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Even tree seeds need time to chill out

Sprouting yellowhorn tree seeds, with chilling hours fulfilled in the refrigerator. [AP PHOTO]
Sprouting yellowhorn tree seeds, with chilling hours fulfilled in the refrigerator. [AP PHOTO]

How exciting to think of a full-size tree locked up within each seed still clinging to the branches of sugar maples, hornbeams, oaks, sycamores and other trees at the end of summer.

It was with such visions that I dropped an apple seed into some potting soil in an 8-inch clay flowerpot one autumn day years ago.

I wish I could write that the seed has now been transformed into a majestic tree. But no, the seed germinated, started to grow, then stalled at about 4 inches high.

The reason for the lack of growth was that apple seeds, like the seeds of many other trees native to cold climates, need pre-treatment before they will germinate or grow well. I was lucky the seed germinated at all!

Since then, I've learned the tricks of growing trees from seeds.

Fool the seed

If an apple or maple seed grew as soon as it touched ground in late summer or early fall, the life of the tender young seedlings would be short indeed, snuffed out with the first frost. So most tree seeds that ripen in fall are able to stay dormant until they're convinced that winter is over.

You can fool such seeds into growing sooner by keeping them cool and moist for a couple of months. Pack the seeds into plastic bags with moist potting soil, then put the bag in the refrigerator or garage. This process is called "stratification" because nursery growers used to do it by alternating layers of seeds with layers of soil in boxes.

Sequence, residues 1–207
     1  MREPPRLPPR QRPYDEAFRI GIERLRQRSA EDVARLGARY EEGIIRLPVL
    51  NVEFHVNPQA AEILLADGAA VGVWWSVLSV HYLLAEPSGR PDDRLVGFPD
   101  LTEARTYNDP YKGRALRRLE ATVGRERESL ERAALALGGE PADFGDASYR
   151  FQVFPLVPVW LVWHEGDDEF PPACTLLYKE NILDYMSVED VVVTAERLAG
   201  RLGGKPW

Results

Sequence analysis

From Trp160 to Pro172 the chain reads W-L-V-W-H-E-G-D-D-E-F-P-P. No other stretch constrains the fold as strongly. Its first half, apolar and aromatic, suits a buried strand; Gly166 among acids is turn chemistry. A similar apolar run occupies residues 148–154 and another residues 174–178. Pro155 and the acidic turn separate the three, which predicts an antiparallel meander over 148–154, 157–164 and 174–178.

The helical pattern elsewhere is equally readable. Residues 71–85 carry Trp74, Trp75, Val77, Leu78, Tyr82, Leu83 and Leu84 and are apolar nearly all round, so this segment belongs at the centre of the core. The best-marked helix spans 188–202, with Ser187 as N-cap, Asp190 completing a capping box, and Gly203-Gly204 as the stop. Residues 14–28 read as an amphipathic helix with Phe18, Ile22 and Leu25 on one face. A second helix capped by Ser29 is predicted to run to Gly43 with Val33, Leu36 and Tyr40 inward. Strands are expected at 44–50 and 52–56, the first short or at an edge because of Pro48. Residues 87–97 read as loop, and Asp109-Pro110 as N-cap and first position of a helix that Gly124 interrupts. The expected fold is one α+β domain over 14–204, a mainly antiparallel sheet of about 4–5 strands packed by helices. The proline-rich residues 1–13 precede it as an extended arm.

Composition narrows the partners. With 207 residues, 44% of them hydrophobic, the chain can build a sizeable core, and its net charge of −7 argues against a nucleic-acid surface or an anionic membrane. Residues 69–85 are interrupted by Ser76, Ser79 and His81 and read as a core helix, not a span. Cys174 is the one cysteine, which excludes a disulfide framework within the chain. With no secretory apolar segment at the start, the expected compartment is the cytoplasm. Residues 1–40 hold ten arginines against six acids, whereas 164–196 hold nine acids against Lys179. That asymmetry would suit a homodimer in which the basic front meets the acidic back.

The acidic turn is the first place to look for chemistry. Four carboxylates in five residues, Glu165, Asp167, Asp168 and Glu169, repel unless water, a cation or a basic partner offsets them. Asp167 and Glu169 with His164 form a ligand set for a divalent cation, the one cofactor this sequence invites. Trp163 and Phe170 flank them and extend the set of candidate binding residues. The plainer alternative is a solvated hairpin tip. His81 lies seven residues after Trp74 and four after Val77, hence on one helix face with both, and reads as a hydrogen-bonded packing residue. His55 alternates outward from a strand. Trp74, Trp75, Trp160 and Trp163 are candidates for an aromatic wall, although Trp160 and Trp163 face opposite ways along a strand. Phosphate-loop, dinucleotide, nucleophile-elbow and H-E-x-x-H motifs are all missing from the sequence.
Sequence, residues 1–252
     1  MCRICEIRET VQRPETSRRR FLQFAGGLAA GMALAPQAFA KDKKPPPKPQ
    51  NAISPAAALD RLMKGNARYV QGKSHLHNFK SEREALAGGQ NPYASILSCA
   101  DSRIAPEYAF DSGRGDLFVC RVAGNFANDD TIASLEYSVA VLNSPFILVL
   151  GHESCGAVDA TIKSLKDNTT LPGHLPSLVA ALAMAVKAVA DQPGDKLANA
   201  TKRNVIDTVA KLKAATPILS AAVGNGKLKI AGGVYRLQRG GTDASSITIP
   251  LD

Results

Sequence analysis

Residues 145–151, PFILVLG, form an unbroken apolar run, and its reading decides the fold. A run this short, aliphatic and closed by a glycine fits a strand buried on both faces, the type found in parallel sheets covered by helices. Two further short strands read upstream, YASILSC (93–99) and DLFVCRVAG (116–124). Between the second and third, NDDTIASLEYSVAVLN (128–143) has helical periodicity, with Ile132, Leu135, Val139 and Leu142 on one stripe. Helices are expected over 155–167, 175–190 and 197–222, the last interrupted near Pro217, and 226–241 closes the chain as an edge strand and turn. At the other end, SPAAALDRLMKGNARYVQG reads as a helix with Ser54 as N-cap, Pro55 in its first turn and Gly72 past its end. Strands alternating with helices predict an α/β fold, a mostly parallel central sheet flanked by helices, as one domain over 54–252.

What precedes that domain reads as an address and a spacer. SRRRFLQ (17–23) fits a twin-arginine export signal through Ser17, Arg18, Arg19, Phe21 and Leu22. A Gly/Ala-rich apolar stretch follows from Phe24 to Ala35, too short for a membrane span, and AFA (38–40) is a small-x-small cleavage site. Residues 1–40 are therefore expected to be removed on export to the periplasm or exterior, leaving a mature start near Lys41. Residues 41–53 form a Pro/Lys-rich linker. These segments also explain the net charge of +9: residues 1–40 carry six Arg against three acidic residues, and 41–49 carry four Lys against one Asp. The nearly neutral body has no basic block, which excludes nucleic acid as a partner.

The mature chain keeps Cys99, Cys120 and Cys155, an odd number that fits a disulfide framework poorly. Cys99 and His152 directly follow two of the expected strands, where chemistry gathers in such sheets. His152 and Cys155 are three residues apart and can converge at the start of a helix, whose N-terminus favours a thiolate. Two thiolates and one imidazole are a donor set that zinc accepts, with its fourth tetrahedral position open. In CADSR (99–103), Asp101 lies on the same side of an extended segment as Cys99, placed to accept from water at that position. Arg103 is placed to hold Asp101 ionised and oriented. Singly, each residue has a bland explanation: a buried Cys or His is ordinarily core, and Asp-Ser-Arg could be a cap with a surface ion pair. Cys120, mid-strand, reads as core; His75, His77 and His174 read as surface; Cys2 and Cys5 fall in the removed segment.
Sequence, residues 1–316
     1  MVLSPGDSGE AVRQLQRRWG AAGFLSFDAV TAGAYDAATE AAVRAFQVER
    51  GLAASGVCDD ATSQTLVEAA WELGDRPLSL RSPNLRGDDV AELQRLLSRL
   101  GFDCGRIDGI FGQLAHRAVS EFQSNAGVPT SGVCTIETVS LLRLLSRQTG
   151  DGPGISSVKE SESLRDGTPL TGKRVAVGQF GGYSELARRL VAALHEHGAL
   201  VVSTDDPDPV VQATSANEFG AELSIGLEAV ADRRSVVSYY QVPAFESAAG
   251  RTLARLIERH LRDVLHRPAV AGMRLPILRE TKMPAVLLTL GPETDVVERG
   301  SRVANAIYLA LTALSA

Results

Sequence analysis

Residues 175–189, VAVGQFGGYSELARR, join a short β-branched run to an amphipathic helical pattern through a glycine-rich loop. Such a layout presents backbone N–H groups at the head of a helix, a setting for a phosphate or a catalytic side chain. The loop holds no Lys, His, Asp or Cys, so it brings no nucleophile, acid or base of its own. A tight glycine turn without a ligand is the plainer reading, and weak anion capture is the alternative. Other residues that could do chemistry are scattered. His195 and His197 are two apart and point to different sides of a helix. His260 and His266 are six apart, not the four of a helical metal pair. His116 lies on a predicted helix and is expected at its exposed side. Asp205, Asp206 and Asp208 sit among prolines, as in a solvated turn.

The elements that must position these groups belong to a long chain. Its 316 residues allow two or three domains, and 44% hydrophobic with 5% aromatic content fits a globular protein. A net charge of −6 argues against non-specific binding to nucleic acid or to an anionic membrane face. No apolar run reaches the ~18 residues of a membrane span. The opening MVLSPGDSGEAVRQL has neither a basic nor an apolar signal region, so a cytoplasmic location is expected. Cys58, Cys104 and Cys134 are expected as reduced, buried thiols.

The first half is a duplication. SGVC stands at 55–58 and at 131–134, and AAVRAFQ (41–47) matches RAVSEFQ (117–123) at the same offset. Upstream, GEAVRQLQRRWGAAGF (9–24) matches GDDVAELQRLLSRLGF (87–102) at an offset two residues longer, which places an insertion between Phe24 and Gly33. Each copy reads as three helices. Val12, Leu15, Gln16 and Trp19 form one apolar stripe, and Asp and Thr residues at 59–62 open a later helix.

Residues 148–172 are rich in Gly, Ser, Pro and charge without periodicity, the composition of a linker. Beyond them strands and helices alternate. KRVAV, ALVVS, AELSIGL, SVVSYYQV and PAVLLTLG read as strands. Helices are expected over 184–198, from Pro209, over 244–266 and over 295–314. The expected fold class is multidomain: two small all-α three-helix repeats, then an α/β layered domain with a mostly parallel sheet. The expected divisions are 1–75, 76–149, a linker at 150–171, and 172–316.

Of course, you also could just sow seeds directly outdoors and let them wait out the winter naturally, but then they face hazards like squirrels, birds, flooding and more.

It is cool, not cold, temperatures that awaken a seed from sleep. Hours of chilling accumulate only when it's between about 32 and 50 F. So chilling might begin in autumn but not finish until late winter or spring, thus reducing the likelihood of a seed sprouting during a February warm spell. Or all the chilling might take place in late winter or spring.

Further considerations

Some seeds have a hard coating that must be made permeable to water before the seed is stratified. One way to let water into redbud, juniper, hornbeam and other hard-coated seeds is to nick them with a small file.

Dank warmth will accomplish the same thing as nicking with a file. Pack the seeds into plastic bags, as directed above, but leave them in a warm room for two or three months before stratification.

Sycamore and catalpa are among the few fall-ripening seeds that don't need stratification. Perhaps this is because they hang on the trees late enough into winter so that, by the time they drop to moist ground, temperatures are too cold for germination. Or else it is spring, and just the right time for germination.

Sprouting is the first step

Stratified seeds usually sprout as soon as they have accumulated the number of chilling hours they need. For sugar maple, that means three to four months; for dogwood, four months; for apple, two to three months.

Keep an eye on stratifying seeds, because one week they'll be asleep and a week later — bingo! — they're sprouting fat, white roots. Once seeds sprout, either pot them up or keep them cool enough to hold back growth until it's time to plant them outdoors.

You might wonder, why go to the trouble of planting these seemingly delicate seeds when you can just buy a sturdy young tree at a nursery? Hey, you're reading this, aren't you? You're a gardener; you like to grow plants. Not to mention the satisfaction you'll get years from now as you look up into the branches of a tall tree you planted from seed.

Lee Reich writes regularly about gardening for The Associated Press. He has authored a number of books, including "Weedless Gardening" and "The Ever Curious Gardener." He blogs at He can be reached at